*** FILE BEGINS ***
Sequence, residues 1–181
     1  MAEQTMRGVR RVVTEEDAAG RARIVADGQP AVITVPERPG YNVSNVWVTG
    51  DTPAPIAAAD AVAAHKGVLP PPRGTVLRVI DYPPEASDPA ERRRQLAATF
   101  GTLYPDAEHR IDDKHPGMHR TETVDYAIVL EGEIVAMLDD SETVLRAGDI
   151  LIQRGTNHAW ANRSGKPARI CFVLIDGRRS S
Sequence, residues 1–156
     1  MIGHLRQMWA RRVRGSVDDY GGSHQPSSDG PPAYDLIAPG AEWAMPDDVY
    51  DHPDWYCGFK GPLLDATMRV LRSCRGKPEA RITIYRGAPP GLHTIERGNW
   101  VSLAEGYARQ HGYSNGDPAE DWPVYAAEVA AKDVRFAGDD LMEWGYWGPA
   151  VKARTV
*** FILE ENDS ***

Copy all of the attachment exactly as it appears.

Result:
Sequence, residues 1–181
     1  MAEQTMRGVR RVVTEEDAAG RARIVADGQP AVITVPERPG YNVSNVWVTG
    51  DTPAPIAAAD AVAAHKGVLP PPRGTVLRVI DYPPEASDPA ERRRQLAATF
   101  GTLYPDAEHR IDDKHPGMHR TETVDYAIVL EGEIVAMLDD SETVLRAGDI
   151  LIQRGTNHAW ANRSGKPARI CFVLIDGRRS S
Sequence, residues 1–156
     1  MIGHLRQMWA RRVRGSVDDY GGSHQPSSDG PPAYDLIAPG AEWAMPDDVY
    51  DHPDWYCGFK GPLLDATMRV LRSCRGKPEA RITIYRGAPP GLHTIERGNW
   101  VSLAEGYARQ HGYSNGDPAE DWPVYAAEVA AKDVRFAGDD LMEWGYWGPA
   151  VKARTV